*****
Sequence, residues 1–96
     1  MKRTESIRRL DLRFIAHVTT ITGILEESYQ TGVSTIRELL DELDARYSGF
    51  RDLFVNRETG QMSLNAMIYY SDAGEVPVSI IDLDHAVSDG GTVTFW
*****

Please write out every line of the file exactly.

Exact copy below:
Sequence, residues 1–96
     1  MKRTESIRRL DLRFIAHVTT ITGILEESYQ TGVSTIRELL DELDARYSGF
    51  RDLFVNRETG QMSLNAMIYY SDAGEVPVSI IDLDHAVSDG GTVTFW